Marcos Buenijo wrote:
There has never been a steam locomotive built that incorporates all the advances made to date.
David Livingston wrote:My understanding of this issue was nevert that desil in itself was any cheaper nor was it more efficient than the stream engine . The problem was and still is the cost of maintainance. Every few years a stream engine has to be taken apart and rebuilt otherwise it becomes a dangerous object - think bomb . High pressure combined with steam rust metal fatigue etc is not a good combination .
Peter Mckinlay wrote:The high cost of water and its delivery to Steam trains is still relevant.
David Livingston wrote:I see the problem with compétition is that neither of your options Will beat electric either third rail or overhead
allen lumley wrote:Marcos Buenijo : When I was growing up all railroad men wanted to be thought of as having learned their craft in the 'Days of Steam', any problem would require a R/R man to speak about how the problem was solved in the old days ! Ballast was spoken of in the reverent tones a Car sales man off the 50s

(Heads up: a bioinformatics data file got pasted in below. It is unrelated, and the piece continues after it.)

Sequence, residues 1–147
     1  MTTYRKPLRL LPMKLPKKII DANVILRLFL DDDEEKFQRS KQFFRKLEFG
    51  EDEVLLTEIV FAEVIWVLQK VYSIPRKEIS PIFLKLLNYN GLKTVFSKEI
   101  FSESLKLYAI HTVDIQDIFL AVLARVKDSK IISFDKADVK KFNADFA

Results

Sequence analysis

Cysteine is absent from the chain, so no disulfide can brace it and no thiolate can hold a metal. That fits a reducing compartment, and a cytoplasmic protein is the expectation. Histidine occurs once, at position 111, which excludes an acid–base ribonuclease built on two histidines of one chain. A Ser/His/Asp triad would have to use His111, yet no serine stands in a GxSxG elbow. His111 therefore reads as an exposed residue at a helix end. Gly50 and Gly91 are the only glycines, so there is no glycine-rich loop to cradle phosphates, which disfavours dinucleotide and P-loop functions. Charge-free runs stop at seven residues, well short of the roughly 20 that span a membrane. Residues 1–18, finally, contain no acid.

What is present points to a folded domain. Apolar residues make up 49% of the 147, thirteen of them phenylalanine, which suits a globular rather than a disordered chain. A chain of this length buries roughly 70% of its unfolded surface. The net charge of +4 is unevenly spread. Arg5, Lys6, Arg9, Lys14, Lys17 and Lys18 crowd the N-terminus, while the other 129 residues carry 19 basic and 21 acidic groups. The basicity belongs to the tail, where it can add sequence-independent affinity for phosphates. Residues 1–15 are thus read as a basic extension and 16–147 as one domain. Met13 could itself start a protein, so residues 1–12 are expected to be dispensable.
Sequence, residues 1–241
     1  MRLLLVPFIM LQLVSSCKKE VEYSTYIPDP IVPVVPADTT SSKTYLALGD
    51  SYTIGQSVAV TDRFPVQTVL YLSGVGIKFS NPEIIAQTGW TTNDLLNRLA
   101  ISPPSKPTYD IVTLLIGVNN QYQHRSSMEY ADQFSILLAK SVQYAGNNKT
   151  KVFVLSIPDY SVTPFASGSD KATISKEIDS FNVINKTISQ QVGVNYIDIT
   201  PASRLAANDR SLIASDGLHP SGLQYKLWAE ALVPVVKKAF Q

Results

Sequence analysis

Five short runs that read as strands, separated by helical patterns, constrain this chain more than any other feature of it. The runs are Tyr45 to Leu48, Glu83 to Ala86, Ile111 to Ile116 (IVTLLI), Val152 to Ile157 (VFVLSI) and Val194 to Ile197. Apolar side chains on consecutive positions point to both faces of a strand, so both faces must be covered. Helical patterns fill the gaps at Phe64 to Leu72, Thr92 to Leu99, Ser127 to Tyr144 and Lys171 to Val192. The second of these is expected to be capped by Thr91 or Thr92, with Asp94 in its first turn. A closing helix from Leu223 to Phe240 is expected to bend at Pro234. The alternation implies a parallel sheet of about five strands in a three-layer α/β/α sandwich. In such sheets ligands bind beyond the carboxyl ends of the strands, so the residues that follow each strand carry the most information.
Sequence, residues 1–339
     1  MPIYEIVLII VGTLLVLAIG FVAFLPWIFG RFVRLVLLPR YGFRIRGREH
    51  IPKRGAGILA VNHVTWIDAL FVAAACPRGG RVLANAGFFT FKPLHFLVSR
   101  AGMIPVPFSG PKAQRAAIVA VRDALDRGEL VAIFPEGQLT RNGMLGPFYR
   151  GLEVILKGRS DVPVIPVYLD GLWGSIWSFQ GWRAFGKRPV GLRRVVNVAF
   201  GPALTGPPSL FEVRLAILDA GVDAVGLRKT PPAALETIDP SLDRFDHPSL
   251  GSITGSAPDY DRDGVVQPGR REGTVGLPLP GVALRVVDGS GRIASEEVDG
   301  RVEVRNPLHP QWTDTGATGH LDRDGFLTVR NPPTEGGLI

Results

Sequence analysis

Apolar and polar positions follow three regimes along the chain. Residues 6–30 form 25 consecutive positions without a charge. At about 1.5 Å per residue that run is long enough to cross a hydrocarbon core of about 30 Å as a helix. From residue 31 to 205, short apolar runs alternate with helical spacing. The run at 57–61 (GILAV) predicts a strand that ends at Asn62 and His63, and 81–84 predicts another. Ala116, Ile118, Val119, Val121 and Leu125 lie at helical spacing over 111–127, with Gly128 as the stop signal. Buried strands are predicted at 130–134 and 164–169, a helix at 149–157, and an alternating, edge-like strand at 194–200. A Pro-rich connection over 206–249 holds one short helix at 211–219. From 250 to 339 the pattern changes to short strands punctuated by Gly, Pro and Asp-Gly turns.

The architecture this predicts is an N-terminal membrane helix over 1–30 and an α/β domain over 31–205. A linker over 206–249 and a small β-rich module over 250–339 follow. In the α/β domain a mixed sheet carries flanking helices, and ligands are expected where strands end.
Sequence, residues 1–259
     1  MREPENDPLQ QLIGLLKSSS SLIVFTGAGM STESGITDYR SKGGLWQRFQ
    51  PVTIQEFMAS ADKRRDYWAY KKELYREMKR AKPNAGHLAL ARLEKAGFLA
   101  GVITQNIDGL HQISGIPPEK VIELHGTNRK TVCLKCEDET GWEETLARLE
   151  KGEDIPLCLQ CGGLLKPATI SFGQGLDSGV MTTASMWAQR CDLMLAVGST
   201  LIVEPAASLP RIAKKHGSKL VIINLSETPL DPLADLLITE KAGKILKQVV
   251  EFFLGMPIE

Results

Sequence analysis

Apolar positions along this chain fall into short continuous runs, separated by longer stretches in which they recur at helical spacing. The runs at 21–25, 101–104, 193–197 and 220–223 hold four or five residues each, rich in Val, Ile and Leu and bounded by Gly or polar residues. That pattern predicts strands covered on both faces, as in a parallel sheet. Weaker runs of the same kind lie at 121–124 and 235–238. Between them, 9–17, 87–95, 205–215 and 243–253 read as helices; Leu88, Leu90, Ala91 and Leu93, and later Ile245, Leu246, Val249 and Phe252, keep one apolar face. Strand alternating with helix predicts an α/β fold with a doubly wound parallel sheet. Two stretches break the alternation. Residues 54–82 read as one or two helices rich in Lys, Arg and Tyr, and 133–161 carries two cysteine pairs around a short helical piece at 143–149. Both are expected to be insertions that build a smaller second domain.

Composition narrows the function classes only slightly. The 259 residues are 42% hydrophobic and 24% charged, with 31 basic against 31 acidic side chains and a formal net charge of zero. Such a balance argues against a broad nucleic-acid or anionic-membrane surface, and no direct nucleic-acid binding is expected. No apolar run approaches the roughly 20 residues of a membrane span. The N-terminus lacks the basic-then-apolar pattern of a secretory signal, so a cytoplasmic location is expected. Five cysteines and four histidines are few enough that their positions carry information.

and 60s would talk about 'Road hugging Weight'.
I guess my question is how does the modern steam engine deal with what was formally cinders,ashes, and clinkers, is this all now fly ash,and is it collected?
I do think steam engines have a future, but i still throw up a little in the back of my mouth when i hear about 'Clean Coal', if they can't make a stationary
plant that can compete with other Fossil Fuel Fired (new) plants a moving unit must have to pay a premium to do so or be allowed a sliding Particulate Matter
per mile scale !
David Livingston wrote:Well this is the last "proper" steam engine I know of that was built in the UK it was the Peppercorn Class A1 Tornado in 2008
It cost best part of 5million $